It is conceivable, some say likely, that the UN climate talks will take place with Greece having already left the EU. The general election in Spain is scheduled to take place before December 20th, and opinion polls and recent results suggest that the radical left will make historic gains. Therefore both situations will effect the atmosphere in Paris and perhaps set the stage for unions to help further facilitate a coming together of the climate and anti-austerity movements around a set of bold demands and transition proposals.

Carbon Battlegrounds: US and Canada

One of the goals of the June 29 summit is to help further develop a progressive U.S. trade union climate protection agenda that is independent, science-based, economically transformative, and capable of moving union members into action. US labor has a poor reputation on climate change that initially stemmed from strong union opposition to the now expired Kyoto Treaty in the late 1990s. Many unions have been reluctant to embrace science-based emissions reduction targets based on the belief that adhering to these targets will make US manufacturing less competitive. But efforts are being by U.S. unions to build closer ties on energy and climate questions with major unions in Canada, such as CUPE, UNIFOR, the Canadian Labour Congress, and the two Québécois trade union bodies CSN and FTQ.  Several US unions – particularly nurses (National Nurses United, NY State Nurses Association) and public transport unions – have actively supported climate justice struggles and anti-fracking fights.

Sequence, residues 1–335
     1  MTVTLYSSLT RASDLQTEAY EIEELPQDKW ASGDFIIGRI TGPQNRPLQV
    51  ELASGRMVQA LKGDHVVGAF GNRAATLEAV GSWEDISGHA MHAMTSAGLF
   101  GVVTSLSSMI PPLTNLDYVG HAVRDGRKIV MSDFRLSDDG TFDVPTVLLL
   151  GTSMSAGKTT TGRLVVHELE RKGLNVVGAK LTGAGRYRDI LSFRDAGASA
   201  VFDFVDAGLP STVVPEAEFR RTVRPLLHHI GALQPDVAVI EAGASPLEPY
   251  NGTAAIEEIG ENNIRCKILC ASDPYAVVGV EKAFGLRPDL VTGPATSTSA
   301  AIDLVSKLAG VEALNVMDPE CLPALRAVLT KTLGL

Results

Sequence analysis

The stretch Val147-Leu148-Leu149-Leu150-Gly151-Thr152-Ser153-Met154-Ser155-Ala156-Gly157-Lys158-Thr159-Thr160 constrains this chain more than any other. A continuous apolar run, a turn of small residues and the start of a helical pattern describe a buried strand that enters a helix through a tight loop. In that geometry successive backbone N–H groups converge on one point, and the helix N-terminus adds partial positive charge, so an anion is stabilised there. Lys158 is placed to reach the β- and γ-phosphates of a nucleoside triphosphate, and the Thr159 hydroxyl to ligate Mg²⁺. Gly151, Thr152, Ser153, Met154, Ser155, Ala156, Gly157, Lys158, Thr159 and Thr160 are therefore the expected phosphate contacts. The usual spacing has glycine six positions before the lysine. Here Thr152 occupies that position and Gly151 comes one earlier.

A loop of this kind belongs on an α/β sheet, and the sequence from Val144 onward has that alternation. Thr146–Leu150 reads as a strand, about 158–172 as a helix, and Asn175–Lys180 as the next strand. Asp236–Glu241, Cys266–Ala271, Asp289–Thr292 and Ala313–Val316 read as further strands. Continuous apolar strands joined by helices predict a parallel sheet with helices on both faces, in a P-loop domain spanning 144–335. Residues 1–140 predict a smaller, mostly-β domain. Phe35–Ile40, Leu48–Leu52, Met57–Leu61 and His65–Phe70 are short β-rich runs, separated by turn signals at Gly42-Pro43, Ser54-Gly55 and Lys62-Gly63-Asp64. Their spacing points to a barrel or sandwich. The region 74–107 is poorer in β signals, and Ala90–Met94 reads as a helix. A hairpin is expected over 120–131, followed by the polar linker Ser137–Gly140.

The need for solidarity thoughout the Americas is particularly urgent given the proliferation of battles around fracking (Argentina, Canada and the U.S), the Alberta tar sands, fossil fuel infrastructure projects like coal export terminals and proposed pipelines like the Keystone XL and Energy East, both of which would, if fully constructed, transport diluted bitumen from the tar sands to, respectively, refineries in Texas and Eastern Canada.  The prospect of “Saudi America” has opened up divisions within organized labor in the US, and to some extent in Canada also. In both countries some leaders have generally allied themselves with the agenda of oil, coal and gas companies. At its recent legislative conference, the North American Building Trades restated its strong support for fracking (with regulations) and the Keystone pipeline.  See: Energy-Policy, Building Trades (PDF).

Proposed route for the 4,600 Kilometer Energy East pipeline

Proposed route for the 4,600 Kilometer Energy East pipeline

However, the June 29 summit will provide an opportunity to reflect on the tenacious resistance to ‘extreme extraction’ across the region, and weigh up the contribution being made by unions. From the Americas unions and labor federations from Argentina, Brazil, Canada, and Peru (FENTAP) will report on these struggles, some of which have led to violent confrontations

Unions from Australia, India, Korea, Norway, the Philippines, and the UK will also be represented at the June 29 summit. Two Global Union Federations – Public Services International and and the International Transport Workers Federation, will complete the 23-person international contingent.

About the organizers:

The summit has been organized by the recently launched International Program for Labor, Climate & Environment at the Murphy Center, a center of trade union education and activism that’s affiliated to the City University of New York. Other partners include Trade Unions for Energy Democracy, Rosa Luxemburg Stiftung–NY Office, and 32BJ SEIU, the voice of 145,000 property service workers.

The June 29 summit will be organized around six consecutive discussions.  The full program is available here.


This work is licensed under a Creative Commons Attribution-NonCommercial License.
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Sean Sweeney

Sean Sweeney is the coordinator of Trade Unions for Energy Democracy (TUED) and directs the International Program for Labor, Climate & Environment at the Murphy Institute, City University of New York.